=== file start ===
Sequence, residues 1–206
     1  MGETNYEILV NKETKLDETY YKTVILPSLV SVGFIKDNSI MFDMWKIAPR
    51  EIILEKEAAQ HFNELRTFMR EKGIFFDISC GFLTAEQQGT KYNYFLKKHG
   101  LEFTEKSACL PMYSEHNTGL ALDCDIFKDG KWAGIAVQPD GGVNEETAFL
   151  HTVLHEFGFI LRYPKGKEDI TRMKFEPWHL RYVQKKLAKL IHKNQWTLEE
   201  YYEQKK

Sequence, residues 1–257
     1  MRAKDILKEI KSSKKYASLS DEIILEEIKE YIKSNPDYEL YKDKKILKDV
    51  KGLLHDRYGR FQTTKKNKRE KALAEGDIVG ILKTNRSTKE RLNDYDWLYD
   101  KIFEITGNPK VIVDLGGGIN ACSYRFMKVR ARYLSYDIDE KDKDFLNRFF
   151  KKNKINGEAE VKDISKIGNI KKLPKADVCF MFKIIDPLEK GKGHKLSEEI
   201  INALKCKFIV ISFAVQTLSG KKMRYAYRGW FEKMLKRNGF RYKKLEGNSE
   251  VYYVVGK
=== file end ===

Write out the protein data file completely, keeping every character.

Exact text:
Sequence, residues 1–206
     1  MGETNYEILV NKETKLDETY YKTVILPSLV SVGFIKDNSI MFDMWKIAPR
    51  EIILEKEAAQ HFNELRTFMR EKGIFFDISC GFLTAEQQGT KYNYFLKKHG
   101  LEFTEKSACL PMYSEHNTGL ALDCDIFKDG KWAGIAVQPD GGVNEETAFL
   151  HTVLHEFGFI LRYPKGKEDI TRMKFEPWHL RYVQKKLAKL IHKNQWTLEE
   201  YYEQKK

Sequence, residues 1–257
     1  MRAKDILKEI KSSKKYASLS DEIILEEIKE YIKSNPDYEL YKDKKILKDV
    51  KGLLHDRYGR FQTTKKNKRE KALAEGDIVG ILKTNRSTKE RLNDYDWLYD
   101  KIFEITGNPK VIVDLGGGIN ACSYRFMKVR ARYLSYDIDE KDKDFLNRFF
   151  KKNKINGEAE VKDISKIGNI KKLPKADVCF MFKIIDPLEK GKGHKLSEEI
   201  INALKCKFIV ISFAVQTLSG KKMRYAYRGW FEKMLKRNGF RYKKLEGNSE
   251  VYYVVGK